On a busy night, usually the weekends, there are at least 800 to 1,000 people enjoying their night out at Attica, notes Mr Brimblecombe, who is married to Kelly, 45, who works with him.
They have two children - Joshua, 17, who will serve national service next year, and Skye, 15. It has been about 15 years since he became a Singapore permanent resident.
The total gross revenue for Attica and Le Noir is about $15 million a year.
"We've been around a long time now, and obviously we hope to stay. If we can get to 12 years, obviously our objective is to be like Zouk and to try to get to 25 years," he says, referring to the grand old dame of clubs here, which celebrates its 25th year next month and will become Attica's neighbour in Clarke Quay next year .
"It's not easy and there's certainly no guarantee. F&B (food and beverage) currently is a tough space to be in. A lot of clubs are coming and going very quickly now."
Gone are the days a couple of years back when clubbers felt flushed with cash and spent massive amounts on bottle after bottle of alcohol, notes Mr Brimblecombe.
"People don't go and spend $5,000 just like that for alcohol anymore - they still do, just not as many people."
He says it is a global phenomenon, such as in Los Angeles, where smaller clubs are thriving while megaclubs are no longer as popular as they struggle to pack in the crowd.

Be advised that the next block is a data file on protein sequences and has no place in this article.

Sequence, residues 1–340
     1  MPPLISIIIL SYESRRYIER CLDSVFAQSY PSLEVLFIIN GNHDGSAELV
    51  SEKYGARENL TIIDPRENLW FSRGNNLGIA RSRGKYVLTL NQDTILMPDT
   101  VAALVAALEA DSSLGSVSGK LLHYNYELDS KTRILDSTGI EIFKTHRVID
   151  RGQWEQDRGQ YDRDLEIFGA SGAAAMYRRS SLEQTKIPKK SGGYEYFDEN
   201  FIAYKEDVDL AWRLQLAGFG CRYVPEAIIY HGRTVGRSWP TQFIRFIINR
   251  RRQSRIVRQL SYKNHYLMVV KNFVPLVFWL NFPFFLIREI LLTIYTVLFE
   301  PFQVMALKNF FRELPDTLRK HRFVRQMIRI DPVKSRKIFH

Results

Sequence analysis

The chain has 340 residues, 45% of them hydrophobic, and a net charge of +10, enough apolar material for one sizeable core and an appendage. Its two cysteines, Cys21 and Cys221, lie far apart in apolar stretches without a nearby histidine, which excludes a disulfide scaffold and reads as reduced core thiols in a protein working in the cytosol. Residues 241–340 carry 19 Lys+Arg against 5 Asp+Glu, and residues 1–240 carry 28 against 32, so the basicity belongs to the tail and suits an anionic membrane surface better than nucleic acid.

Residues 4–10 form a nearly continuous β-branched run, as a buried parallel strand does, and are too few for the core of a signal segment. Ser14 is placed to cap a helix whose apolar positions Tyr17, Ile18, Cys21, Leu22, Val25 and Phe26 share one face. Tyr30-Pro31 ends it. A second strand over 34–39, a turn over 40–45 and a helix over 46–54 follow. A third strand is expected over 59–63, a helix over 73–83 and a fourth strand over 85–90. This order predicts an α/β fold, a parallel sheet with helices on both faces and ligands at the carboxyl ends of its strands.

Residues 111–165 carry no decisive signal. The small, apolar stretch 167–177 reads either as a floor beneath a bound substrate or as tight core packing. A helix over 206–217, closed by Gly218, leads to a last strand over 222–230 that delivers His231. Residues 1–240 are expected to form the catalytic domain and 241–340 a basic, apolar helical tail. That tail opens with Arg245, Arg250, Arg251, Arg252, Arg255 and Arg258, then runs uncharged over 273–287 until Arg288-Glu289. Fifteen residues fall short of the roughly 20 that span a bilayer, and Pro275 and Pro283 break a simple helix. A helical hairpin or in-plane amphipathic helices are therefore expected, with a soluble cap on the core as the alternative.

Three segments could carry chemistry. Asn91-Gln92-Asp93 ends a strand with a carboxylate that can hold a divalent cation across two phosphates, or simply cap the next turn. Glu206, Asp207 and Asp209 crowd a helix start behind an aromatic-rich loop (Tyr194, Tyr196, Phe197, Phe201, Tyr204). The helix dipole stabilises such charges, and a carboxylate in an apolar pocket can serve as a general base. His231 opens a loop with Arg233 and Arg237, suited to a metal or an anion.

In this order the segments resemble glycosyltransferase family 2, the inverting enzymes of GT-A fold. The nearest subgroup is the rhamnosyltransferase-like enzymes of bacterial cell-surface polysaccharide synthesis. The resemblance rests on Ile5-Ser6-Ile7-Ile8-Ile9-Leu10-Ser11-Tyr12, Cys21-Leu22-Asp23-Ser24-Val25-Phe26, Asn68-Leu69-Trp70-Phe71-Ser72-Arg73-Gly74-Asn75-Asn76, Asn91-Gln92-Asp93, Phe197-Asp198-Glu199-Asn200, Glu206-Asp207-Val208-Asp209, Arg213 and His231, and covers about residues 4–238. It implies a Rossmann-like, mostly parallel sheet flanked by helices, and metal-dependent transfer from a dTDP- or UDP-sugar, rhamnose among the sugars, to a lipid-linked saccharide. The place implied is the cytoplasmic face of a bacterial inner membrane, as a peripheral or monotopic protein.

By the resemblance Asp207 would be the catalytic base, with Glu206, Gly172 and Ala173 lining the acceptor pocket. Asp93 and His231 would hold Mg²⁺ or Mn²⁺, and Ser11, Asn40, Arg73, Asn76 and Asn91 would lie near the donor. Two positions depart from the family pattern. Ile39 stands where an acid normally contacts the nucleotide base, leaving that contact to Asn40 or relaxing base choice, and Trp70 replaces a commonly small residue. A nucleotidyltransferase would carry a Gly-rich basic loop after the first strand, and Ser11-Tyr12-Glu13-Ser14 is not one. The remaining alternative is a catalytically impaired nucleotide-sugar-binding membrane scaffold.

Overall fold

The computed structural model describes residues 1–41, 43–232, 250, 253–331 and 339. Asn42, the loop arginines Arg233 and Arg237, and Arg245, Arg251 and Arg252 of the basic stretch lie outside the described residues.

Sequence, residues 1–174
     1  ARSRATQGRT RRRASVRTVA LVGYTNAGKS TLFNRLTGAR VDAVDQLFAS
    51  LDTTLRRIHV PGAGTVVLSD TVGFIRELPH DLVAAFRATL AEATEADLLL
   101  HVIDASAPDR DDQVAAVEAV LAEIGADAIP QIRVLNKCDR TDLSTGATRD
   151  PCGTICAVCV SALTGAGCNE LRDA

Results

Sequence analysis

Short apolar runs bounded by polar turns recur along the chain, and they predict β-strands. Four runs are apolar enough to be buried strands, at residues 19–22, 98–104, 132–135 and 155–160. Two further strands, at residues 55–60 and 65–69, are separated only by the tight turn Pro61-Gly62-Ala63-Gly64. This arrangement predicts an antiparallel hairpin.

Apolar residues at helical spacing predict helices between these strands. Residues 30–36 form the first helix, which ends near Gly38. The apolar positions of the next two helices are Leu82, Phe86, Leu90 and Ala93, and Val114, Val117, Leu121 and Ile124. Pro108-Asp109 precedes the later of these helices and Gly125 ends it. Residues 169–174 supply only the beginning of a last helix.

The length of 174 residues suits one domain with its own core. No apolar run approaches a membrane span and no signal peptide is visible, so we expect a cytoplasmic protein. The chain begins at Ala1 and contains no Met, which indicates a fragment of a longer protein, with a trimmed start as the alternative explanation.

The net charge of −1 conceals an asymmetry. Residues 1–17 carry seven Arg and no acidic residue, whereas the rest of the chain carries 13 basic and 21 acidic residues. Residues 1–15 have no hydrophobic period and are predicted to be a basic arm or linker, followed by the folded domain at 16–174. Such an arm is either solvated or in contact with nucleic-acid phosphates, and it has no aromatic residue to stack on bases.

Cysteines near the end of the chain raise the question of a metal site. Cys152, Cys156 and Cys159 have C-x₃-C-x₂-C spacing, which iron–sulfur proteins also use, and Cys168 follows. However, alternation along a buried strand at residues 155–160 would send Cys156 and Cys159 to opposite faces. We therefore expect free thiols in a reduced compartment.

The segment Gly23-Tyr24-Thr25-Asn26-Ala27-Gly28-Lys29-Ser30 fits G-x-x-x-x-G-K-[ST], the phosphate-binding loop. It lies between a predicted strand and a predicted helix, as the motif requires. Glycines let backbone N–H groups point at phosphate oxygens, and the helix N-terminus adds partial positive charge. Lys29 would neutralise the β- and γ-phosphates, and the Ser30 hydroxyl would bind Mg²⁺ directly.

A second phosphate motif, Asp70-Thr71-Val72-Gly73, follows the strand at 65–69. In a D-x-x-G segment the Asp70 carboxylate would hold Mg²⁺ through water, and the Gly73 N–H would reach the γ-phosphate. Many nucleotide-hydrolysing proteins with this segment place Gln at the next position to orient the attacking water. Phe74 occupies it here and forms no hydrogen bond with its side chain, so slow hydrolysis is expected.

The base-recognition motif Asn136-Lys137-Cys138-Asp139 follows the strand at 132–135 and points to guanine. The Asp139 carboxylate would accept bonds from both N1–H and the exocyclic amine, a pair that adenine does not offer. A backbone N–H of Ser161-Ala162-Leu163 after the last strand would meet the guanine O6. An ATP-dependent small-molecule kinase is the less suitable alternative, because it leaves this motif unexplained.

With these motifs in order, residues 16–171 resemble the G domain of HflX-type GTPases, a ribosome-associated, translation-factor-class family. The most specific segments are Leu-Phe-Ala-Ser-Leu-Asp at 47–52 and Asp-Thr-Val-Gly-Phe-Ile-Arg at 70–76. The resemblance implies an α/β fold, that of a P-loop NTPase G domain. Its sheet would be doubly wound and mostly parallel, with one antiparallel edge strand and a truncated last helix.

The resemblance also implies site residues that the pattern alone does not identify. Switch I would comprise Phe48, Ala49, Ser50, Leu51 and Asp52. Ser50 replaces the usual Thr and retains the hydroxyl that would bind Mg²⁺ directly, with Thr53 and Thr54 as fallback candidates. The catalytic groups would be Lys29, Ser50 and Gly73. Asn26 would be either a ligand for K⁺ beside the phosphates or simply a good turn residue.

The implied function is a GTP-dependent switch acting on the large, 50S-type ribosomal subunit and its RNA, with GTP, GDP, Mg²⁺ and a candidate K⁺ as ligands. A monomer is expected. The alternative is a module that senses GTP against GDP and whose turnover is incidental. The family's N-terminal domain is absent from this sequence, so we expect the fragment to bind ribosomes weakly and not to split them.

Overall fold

Mr Brimblecombe has had to learn a few lessons of his own, like opening a 30,000 sq ft Attica Shanghai in the city on the Bund in 2005 that closed after just three years.
He says it was a busy club but failed to make a profit as it targeted the wrong demographic.
"We thought we could go for the international crowd, but the reality is that to have a successful club in Shanghai, you really need the local Chinese to come in. They'd spend more money than the foreigners."
He still wants to grow the business, but prefers to do it in a measured manner.
One instance was Attica co-managing Xana Beach Club at Banyan Tree's Angsana Laguna Phuket. The club opened in 2012, and even though Attica does not own it, this gets its brand out there.
Mr Brimblecombe's new baby this year is Le Noir's outlet in Kuala Lumpur, which will open next to Zouk KL in April - a venture that he estimates to cost $1 million.
He is also itching to open a club in Singapore with a new style, one heavily focused on production and featuring more visual entertainment.
"I've been thinking about it for three years but I've got to find the right venue. I'm very particular about that. Hopefully, I get to open it later this year.
"It'll be different demographics with a different theme, a bit more production-based and theatrical. I want to take it to the next level, not just the music."
But Mr Brimblecombe is not about to open the next big club such as Zouk, as "there is no room" here for two, and neither does he want to keep opening and closing outlets.
"My philosophy is, rather than open and close a club once in three years, you keep it for as long a period of time as you get a lot of brand equity out of that."